|Title||Prevention of sudden death in surviving relatives of young sudden death victims through optimal postmortal, genetic and cardiologic evaluations in affected families.|
|Period||01 / 2008 - unknown|
|Data Supplier||ZonMw Projectenpoort|
|The first aim of this study is to evaluate the effectiveness and costs (cost-effectiveness) of the introduction and application of a new multidisciplinary intervention which consists of the following 4 elements: (1a) Initiate postmortal studies in sudden death victims <40 years, including (1b) the isolation and storage of DNA; (2) Stimulate fast track referral of first degree relatives at an early stage to the CGO clinic; (3) Classify relative s risk of SCD; (4) Initiate diagnostic follow-up (surveillance) and/or treatment of risk carrying relatives to prevent sudden cardiac death, compared to current daily practice. The second aim of this study is to evaluate which of the following two intervention modalities is the most (cost-)effective: optimal intervention modality or bottom up -approach (which is aimed at changing professional s behaviour) versus the maximal intervention modality or top-down approach (in which professionals receive central support to follow the protocol each time they are confronted with a sudden death under 40y. (see PDF 1).
BACKGROUND: In the Netherlands each year about 1000 children and young adults die from cardiovascular causes, often suddenly and unexpectedly. In 50-70% of cases sudden death is not explained by external factors (so called natural deaths ) and irrespective of gender and ethnic background, but caused by hereditary diseases. A proven or suspected genetic cause puts relatives at considerable risk of sudden cardiac death (SCD) too: Each first degree relative (parents, sisters, brothers, offspring) has a 50% chance of having the same cardiac disease, implying an overall risk of dying suddenly of 0.5-2.5% per year for all first degree relatives. Elimination of sudden death risk (1%-5% per year) especially at young age in the first two groups is possible by regular cardiologic follow up and, if indicated, treatment with medication, rules of living and implantation of pacemakers or internal defibrillators (ICDs). Direct treatment of genetic mutations (gene therapy) is not yet possible. However, prevention of the phenotypic consequences (of which sudden death is the most important) is possible by stratification of relatives into three groups: (a) certainly affected (proved carriers of the familiar disease causing mutation and/or showing signs of disease by cardiologic screening), (b) possibly affected (no disease causing mutation identified in the family and not, yet, showing signs of cardiac disease) and (c) certainly not affected (proven non-carriers of the familial mutation). Surprisingly, first degree family members of SCD victims only rarely (about 10%) visit the cardiogenetics outpatient clinics (CGO clinic). As a result, opportunities for prevention of SCD are grossly neglected.OBJECTIVE: Introduction of a piloted preventive intervention consisting of the following 4 elements: (1a) thorough postmortal investigations in the deceased, aiming at identification of genetic heart disease; (1b) isolation, storage and analysis of DNA of the SCD victim; (2) systematic fast track referral of first family members to CGO clinics; and (3) genetic counselling and cardiologic and molecular investigations in relatives, after which (4) follow up and treatment in proven risk carriers (certainly/possibly affected family members) is initiated (see PDF1). The first objective is to evaluate the (cost)effectiveness of the introduction and application of the intervention, compared to current daily practice without that intervention.The second objective is to evaluate which of the following two intervention modalities is the most (cost-)effective: the optimal or bottom up intervention-approach which is aimed at changing professional s behaviour, versus the maximal or top-down approach in which professionals receive central support to follow the protocol each time they are confronted with a sudden death under 40y. (see study design below) STUDY DESIGN/INTERVENTION. Prospective follow-up study in three regions: (1) current daily practice (Leiden; control region; no specific intervention); (2) an optimal strategy (Amersfoort; introduction of multidisciplinary guideline to be used by all independent professionals involved); (3) a maximal strategy (Amsterdam; continuous 7x24h stand-by service to guide the application of the proposed strategy). STUDY-POPULATION:1. All sudden death cases <40y in three Dutch regions (Amsterdam, Amersfoort, Leiden), during three years follow-up. 2. in whom natural death cannot be excluded; 3. All living first degree relatives of the cases who satisfy criteria 1 and 2. OUTCOME MEASURES. Primary outcome (all regions): (1) Proportion of 1st degree relatives who attend the CGO clinic within 1 year after SCD, who are well-informed (no longer unaware); (2) Proportion of 1st degree relatives attending the OCG within 1 year after SCD, in whom a risk of SCD cannot be excluded (i.e. definitely/possibly at risk of SCD) and are therefore referred for cardiologic follow up and (if necessary) treatment. Secondary outcomes: (1) Proportion of index patients in whom (i) autopsy is performed, and/or (ii) DNA is sampled, stored and analysed; (2) No. of families/1st degree family members of index patients who received information through the index patient s GP; (3) Time to attendance, i.e. time interval between SCD event and attendance of 1st degree relatives at CGO clinic. (4) Economic evaluation of the three strategies: Amersfoort region (guidline) vs. Leiden (no intervention) [Objective 1] and Amsterdam region (stand-by service) vs. Amersfoort (guideline) [Objective 2].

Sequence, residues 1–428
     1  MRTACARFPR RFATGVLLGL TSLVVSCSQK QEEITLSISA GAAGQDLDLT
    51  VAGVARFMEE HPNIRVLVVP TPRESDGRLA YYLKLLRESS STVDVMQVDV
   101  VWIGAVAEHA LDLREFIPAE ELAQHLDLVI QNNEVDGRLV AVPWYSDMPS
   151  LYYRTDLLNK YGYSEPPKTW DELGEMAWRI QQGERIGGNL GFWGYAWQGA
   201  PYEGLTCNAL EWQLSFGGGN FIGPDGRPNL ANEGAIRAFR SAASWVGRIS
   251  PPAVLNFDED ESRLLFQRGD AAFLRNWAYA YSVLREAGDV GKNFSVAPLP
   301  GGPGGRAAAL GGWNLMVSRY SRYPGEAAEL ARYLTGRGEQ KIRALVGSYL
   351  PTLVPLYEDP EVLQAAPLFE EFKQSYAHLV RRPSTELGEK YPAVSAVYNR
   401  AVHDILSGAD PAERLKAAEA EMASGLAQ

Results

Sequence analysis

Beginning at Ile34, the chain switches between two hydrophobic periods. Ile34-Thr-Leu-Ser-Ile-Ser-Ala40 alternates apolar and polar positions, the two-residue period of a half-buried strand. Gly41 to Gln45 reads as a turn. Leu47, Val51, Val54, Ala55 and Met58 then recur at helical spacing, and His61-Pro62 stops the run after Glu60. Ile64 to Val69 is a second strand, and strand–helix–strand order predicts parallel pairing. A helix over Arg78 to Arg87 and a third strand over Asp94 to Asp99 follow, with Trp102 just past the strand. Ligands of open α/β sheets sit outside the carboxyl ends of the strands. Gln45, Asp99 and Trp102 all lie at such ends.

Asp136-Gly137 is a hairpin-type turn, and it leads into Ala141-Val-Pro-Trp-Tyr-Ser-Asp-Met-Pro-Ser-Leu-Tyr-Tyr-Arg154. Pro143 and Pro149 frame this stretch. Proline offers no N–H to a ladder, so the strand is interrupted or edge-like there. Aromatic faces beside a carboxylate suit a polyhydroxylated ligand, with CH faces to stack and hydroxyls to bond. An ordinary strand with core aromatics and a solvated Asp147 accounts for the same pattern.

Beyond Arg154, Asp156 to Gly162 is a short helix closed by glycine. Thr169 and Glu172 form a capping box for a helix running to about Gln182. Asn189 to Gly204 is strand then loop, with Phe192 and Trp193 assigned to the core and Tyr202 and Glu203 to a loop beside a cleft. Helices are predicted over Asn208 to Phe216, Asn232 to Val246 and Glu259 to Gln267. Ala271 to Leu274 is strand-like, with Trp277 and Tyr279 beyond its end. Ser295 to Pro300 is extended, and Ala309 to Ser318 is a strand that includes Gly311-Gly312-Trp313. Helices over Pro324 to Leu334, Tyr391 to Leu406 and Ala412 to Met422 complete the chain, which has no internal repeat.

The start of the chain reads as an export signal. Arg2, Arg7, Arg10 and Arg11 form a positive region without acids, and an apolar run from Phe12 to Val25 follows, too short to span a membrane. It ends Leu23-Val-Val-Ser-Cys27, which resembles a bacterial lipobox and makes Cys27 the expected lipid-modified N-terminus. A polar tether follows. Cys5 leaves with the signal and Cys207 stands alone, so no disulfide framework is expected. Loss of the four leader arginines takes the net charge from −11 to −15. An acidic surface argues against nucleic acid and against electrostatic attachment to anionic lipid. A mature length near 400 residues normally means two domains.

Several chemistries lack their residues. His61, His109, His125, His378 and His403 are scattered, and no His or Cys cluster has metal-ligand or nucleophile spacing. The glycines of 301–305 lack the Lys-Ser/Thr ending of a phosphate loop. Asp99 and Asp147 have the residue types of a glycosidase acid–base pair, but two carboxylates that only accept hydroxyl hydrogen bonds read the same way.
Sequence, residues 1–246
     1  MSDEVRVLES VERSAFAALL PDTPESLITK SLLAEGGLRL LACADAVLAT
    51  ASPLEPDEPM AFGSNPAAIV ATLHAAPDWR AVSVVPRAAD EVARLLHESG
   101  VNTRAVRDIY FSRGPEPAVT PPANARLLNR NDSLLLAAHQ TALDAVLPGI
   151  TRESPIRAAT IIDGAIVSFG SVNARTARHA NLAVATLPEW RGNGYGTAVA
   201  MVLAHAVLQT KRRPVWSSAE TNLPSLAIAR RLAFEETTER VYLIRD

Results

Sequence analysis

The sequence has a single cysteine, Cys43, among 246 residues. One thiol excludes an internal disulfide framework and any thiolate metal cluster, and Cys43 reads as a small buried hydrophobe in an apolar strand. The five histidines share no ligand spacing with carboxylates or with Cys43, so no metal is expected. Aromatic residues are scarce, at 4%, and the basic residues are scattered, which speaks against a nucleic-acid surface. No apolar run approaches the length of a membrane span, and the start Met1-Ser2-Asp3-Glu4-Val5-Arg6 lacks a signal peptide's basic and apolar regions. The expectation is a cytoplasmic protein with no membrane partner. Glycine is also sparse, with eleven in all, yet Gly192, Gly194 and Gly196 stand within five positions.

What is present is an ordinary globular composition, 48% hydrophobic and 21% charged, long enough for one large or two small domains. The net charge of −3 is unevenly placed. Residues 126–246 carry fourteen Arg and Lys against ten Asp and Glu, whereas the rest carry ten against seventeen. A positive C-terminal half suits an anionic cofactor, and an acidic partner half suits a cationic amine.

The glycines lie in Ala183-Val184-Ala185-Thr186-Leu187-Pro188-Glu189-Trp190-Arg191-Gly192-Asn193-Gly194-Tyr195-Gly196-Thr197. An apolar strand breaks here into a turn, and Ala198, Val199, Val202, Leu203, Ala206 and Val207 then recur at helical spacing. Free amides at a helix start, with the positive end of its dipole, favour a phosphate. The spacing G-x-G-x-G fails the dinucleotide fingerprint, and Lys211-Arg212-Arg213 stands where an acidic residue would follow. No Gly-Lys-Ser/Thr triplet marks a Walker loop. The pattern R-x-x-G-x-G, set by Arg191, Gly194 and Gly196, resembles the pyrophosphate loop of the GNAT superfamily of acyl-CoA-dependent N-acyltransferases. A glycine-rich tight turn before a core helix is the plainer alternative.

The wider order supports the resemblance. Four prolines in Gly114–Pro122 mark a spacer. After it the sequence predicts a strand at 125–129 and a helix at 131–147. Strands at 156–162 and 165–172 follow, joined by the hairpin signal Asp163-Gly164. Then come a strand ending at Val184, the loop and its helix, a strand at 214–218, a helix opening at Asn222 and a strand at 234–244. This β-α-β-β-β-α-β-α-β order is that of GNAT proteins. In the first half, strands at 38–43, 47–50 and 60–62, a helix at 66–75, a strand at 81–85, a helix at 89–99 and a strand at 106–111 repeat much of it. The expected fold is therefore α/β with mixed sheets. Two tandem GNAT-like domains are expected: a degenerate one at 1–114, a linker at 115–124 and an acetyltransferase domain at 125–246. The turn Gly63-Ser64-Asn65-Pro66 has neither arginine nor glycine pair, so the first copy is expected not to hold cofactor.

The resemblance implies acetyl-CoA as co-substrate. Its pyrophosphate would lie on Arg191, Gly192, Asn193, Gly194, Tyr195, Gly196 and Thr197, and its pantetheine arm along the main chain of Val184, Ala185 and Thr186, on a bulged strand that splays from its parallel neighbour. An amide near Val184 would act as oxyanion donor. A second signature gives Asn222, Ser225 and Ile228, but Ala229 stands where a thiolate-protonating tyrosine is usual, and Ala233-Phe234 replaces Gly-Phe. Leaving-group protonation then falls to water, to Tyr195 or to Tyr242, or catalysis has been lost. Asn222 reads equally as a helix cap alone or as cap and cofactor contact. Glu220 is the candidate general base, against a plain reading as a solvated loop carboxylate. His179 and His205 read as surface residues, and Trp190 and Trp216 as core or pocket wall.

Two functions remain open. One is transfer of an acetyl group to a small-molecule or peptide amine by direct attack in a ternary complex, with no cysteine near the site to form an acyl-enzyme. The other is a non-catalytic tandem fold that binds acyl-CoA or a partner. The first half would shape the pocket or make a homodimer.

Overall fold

|Project leader||Prof.dr. A.A.M. Wilde|
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